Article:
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“Bare Necessities”

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Dennis Meissner delivered his presidential address at the 2016 meeting of the Society of American Archivists held in Atlanta, Georgia.  He has spent his career at the Minnesota Historical Society — including as Manuscripts Processing Supervisor, Archival Processing Manager, Head of Collections Management, and finally Deputy Director for Programs (2014-2017).  His speech was published in the Spring/Summer 2017 issue of the American Archivist.

Meissner began his speech with the simple premise that “before you go out and do something, you need to be something” (6).  He defined three goals for the archival profession:

1. Becoming a More Inclusive Profession.  Meissner reflected on Elizabeth Adkins’ 2007 presidential address, which looked at the long-term efforts of the profession to encourage diversity, but ultimately decided the focus should be on inclusivity.  He explained the first step is to develop our cultural competence, which progresses along a continuum:

  • denial of difference
  • defense against difference
  • minimizing difference
  • acceptance of difference
  • adaptation to difference
  • integration of difference

Meissner suggested progressing along this continuum can occur by developing a business case/strategy for inclusion, assessing the distribution of SAA members along the continuum, developing learning opportunities, and establishing performance targets for inclusion efforts.

2. Becoming a Profession of Advocates.  Just as Mark Greene asserted in his inaugural address, Meissner said advocacy must be an integral part of our daily being.  He also looked back to Greene’s presidential address and suggested embracing the archival values outlined by Greene is the first step in advocacy.  He went on to define the key components of advocacy as “conviction, evidence, communication, and persuasion” (12).  He referenced Kathleen Roe‘s presidential address for her point that archivists are less good at explaining the whys than we are the whats and the hows of the work we do.  In order to become more effective advocates, Meissner said we need more compelling stories, along with the qualitative and quantitative evidence to support them, and the requisite tools and resources to enable their usage.  This evidence includes both user-centric data as well as analysis of the economic impact of archives.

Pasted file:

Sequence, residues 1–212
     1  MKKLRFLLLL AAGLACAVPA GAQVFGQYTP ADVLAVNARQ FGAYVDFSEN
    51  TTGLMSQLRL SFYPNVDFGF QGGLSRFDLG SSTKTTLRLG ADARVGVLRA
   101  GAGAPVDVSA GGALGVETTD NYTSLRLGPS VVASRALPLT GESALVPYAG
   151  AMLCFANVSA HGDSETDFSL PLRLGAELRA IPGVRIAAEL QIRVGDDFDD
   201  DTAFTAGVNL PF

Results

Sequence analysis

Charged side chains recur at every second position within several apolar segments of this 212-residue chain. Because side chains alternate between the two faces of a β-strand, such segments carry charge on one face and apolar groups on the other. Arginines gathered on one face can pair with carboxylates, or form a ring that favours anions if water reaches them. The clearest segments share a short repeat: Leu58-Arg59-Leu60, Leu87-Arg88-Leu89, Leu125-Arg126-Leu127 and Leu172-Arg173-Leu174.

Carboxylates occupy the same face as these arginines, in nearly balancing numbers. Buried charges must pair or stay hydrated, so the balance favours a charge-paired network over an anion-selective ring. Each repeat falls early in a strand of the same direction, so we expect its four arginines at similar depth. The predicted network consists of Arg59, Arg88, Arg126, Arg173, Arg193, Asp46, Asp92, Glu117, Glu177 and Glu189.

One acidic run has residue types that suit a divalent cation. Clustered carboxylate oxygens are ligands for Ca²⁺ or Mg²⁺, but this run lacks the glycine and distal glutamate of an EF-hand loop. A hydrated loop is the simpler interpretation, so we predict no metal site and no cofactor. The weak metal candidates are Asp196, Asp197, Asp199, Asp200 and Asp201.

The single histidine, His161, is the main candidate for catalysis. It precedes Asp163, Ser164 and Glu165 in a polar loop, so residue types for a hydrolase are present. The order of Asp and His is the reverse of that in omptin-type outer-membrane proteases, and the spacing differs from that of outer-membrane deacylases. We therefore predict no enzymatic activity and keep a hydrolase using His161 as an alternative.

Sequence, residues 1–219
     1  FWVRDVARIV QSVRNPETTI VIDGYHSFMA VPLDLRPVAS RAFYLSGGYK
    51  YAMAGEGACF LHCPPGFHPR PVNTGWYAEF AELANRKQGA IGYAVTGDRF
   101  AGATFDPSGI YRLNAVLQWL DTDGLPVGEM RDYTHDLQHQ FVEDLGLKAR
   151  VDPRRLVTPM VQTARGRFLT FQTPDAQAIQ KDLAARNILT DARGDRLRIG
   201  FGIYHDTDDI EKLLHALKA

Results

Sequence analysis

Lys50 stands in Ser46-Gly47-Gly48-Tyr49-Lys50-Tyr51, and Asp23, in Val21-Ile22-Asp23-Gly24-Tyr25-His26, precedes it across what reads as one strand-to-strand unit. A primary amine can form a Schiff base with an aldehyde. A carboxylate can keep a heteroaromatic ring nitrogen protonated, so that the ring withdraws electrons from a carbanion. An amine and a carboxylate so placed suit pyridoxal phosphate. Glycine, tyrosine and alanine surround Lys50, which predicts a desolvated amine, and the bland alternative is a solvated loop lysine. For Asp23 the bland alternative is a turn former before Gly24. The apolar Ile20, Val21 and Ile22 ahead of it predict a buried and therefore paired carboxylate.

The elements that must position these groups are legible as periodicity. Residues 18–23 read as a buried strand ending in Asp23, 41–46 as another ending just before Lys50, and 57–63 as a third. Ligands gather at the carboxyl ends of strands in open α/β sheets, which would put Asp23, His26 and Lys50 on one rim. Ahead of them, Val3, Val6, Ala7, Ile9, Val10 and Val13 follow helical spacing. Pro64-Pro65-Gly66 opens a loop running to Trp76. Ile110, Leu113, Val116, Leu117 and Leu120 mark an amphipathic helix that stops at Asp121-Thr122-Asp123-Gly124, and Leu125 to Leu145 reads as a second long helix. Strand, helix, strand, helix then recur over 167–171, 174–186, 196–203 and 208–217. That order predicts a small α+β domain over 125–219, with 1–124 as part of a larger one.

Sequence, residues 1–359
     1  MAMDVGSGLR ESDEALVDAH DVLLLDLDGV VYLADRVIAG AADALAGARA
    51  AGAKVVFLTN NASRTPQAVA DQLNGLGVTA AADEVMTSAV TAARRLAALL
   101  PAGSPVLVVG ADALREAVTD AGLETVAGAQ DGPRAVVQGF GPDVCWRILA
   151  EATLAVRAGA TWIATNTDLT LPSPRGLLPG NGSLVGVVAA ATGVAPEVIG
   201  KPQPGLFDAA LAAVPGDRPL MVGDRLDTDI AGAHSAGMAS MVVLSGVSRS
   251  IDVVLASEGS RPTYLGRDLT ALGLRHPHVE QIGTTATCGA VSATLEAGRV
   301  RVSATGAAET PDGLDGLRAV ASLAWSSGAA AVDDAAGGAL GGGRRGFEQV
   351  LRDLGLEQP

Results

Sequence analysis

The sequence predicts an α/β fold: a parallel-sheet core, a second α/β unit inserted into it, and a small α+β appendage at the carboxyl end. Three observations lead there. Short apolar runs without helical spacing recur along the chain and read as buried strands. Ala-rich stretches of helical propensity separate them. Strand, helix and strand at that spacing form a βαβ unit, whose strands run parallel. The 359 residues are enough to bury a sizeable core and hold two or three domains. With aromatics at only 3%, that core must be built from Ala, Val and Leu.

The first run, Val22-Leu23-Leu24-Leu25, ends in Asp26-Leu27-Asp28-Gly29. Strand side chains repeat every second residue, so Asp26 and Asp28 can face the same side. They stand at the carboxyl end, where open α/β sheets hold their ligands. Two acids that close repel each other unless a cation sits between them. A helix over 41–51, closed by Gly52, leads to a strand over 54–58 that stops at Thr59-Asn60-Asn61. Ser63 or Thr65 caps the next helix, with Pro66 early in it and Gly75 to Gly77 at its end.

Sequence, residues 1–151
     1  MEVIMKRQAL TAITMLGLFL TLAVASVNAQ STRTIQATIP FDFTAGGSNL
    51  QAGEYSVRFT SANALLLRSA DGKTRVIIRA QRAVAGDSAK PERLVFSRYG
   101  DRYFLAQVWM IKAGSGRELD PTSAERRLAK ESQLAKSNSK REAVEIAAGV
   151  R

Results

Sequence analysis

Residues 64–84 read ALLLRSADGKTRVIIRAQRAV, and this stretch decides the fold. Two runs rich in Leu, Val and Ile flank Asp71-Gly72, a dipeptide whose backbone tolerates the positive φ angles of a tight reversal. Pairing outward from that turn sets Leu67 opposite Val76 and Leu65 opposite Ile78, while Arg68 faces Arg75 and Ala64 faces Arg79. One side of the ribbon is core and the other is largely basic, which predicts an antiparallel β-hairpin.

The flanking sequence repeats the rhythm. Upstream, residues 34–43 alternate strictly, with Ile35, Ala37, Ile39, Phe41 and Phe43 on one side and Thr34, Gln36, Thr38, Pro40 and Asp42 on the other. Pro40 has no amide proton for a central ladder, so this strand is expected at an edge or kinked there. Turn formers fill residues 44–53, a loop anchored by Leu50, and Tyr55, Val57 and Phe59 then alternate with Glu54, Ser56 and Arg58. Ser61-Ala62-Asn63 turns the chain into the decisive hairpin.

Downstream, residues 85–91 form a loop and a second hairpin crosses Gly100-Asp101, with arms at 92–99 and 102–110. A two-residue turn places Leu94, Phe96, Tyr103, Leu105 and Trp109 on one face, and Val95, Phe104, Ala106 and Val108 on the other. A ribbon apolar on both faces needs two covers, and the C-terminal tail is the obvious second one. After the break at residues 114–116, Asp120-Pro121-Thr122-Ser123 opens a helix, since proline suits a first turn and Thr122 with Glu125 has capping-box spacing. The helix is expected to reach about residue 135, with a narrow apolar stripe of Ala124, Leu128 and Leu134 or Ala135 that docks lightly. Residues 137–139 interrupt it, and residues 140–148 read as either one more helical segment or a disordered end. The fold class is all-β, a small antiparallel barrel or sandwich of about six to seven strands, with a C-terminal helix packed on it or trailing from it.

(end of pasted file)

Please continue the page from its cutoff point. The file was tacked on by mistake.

3. Becoming a Profession of Givers.  Meissner acknowledged that his suggestions will take money, so he challenged SAA members to become givers rather than merely consumers who pay only for the things we use.

 

To follow up on this address: in November 2016, Meissner submitted to the SAA Council a Proposal for a Committee on Research and Evaluation.  The Task Force on Research/Data and Evaluation, which has a mandate running from May 2017 – November 2018, is looking into whether SAA should create a standing body to conduct, facilitate, and/or evaluate research that is practical, useful, and meaningful for SAA and the archival community.

 

Technology and conversation

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A little research indicates the term “phubbing” has been around for about 5 years.  Although I have certainly fallen victim to the phenomenon of people constantly checking their devices while in social situations, I only this week realized there’s a term for it.  Learning of this word prompted me to dig out an essay I wrote in college about conversation.  While I am by no means a Luddite, I have certainly always been willing to consider both the positive and negative impacts of technological improvements.  (You will soon see this essay was written before email became ubiquitous and long before Facebook, Twitter, and Instagram dominated the landscape.)